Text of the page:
Book Extract: How India influenced western aesthetics

A new book by anthropologist Phyllida Jay explores fashion, textiles and visual cues to chart India’s influence on the West’s most iconic design houses

This fitted jacket 
was cut to display the sumptuous chintz imported from the Coromandel Coast
This fitted jacket was cut to display the sumptuous chintz imported from the Coromandel Coast

Phyllida Jay

Book Extract: How India influenced western aesthetics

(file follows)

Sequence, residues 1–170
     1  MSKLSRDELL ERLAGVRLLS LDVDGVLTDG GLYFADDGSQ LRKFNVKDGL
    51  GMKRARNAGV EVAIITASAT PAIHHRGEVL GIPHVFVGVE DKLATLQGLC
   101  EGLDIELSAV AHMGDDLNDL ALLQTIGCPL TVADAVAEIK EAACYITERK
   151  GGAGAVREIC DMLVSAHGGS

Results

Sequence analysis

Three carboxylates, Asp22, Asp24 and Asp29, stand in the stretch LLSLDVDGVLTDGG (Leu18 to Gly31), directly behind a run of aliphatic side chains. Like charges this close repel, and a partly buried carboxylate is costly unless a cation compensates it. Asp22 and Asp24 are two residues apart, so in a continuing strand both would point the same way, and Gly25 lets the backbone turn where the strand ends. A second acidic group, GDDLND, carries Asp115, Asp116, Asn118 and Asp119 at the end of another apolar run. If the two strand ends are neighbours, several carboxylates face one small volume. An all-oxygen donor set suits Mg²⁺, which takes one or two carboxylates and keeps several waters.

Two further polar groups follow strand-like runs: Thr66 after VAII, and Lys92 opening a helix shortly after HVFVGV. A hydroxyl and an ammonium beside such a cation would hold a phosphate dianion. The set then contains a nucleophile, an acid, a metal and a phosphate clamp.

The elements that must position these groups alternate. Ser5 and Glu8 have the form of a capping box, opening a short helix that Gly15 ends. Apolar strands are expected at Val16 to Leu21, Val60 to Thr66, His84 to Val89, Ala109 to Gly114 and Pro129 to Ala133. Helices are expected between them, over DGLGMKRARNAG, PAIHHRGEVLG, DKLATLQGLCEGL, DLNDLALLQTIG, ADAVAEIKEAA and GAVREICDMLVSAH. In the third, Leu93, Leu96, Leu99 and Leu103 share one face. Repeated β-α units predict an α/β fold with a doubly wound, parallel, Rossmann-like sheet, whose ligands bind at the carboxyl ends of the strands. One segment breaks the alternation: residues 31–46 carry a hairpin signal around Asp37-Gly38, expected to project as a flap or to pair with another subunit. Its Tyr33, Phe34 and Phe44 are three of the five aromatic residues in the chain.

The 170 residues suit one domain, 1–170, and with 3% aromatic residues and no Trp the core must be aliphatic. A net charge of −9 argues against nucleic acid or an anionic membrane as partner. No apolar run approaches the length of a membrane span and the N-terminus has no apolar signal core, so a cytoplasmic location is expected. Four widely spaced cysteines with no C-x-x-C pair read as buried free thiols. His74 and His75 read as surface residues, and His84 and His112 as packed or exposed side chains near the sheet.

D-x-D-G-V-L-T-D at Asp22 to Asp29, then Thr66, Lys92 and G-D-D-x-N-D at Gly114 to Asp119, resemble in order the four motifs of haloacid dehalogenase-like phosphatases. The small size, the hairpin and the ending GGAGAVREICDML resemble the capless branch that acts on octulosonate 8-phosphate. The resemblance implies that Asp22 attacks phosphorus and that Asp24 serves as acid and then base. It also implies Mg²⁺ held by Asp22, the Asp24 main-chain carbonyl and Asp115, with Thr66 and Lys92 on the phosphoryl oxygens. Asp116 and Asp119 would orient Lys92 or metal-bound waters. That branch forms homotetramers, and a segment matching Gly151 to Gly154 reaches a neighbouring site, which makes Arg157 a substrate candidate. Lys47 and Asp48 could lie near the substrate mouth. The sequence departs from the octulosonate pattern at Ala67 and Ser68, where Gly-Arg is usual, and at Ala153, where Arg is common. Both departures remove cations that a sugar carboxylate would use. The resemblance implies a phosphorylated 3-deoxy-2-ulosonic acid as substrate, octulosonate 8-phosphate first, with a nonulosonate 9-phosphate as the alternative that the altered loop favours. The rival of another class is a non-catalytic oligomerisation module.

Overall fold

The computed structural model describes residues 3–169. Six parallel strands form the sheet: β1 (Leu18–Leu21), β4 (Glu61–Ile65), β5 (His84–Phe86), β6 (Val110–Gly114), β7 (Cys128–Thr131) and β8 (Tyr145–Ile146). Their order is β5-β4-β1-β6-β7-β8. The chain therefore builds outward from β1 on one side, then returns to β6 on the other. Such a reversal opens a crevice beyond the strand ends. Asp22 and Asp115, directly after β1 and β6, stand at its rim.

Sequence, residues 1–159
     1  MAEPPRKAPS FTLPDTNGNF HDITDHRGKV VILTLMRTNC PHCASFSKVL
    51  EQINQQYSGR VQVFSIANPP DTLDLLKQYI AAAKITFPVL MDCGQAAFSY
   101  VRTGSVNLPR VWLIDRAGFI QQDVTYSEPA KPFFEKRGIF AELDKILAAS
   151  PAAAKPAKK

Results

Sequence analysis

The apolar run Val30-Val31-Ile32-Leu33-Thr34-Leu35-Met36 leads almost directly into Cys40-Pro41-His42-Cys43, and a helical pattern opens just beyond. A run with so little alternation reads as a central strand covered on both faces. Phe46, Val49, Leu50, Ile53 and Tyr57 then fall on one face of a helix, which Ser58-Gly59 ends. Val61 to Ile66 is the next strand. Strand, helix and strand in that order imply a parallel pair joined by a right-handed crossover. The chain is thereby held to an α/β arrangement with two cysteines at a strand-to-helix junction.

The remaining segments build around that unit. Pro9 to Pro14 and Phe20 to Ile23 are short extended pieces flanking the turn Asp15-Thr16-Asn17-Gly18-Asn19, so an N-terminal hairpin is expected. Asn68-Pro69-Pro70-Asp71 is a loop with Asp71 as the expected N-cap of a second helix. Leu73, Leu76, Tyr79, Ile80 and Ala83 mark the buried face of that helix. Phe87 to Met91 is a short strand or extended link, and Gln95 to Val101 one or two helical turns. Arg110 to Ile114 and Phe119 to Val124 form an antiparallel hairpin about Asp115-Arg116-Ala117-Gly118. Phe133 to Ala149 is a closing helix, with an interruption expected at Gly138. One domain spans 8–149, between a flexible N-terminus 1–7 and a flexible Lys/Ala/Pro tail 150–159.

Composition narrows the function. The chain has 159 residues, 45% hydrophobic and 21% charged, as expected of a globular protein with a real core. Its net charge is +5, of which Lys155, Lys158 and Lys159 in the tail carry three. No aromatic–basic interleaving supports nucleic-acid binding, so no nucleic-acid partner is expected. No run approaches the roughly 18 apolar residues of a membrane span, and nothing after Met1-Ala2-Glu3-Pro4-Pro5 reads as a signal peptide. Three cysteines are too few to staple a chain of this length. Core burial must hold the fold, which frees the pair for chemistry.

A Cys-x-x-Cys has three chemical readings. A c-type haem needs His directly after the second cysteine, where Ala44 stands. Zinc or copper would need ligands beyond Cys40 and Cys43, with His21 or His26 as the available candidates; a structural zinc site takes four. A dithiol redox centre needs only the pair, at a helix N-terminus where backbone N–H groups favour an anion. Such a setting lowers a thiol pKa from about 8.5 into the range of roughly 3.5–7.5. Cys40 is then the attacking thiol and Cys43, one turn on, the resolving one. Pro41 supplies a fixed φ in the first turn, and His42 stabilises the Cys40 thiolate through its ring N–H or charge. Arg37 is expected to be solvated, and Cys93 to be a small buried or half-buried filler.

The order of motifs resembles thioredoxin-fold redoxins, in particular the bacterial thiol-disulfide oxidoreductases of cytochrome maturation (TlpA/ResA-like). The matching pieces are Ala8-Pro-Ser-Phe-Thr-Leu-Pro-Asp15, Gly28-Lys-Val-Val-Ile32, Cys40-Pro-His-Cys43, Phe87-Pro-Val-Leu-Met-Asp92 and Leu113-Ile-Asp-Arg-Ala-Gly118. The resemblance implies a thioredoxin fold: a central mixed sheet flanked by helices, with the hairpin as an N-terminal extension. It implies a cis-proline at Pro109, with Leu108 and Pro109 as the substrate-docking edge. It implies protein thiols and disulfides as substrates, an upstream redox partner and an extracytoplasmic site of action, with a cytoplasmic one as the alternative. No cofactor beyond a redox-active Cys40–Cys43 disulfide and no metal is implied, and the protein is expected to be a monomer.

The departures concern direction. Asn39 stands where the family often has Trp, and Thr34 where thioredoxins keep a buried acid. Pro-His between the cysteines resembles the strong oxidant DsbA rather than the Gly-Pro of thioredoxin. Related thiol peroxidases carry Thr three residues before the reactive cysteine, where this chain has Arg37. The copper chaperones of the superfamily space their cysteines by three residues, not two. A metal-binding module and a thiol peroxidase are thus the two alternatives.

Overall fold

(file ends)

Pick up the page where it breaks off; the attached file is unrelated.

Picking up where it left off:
Chintz. Such an evocative word, conjuring images of flora and fauna, eternally suspended in a garden paradise. Its key motifs are tropical bird life, trailing vines, red or pink flowers in luscious full-bloom and buds heavy with fecund promise. Chintz traverses time and the surfaces of everything from mid-Georgian English canopied beds, women’s gowns of the Regency era and Victorian William Morris wallpaper. Nothing could be more ‘English’ in its associations: yet the name chintz is derived from the North Indian word ‘chint’, meaning ‘spotted’ cloth. Chintz is in fact an Indian invention, adapted for European tastes. In the seventeenth century, the vibrant hues of chintz were so admired that Indian imports all but destroyed the European textile industry. In response, the British and French governments imposed a ban on it.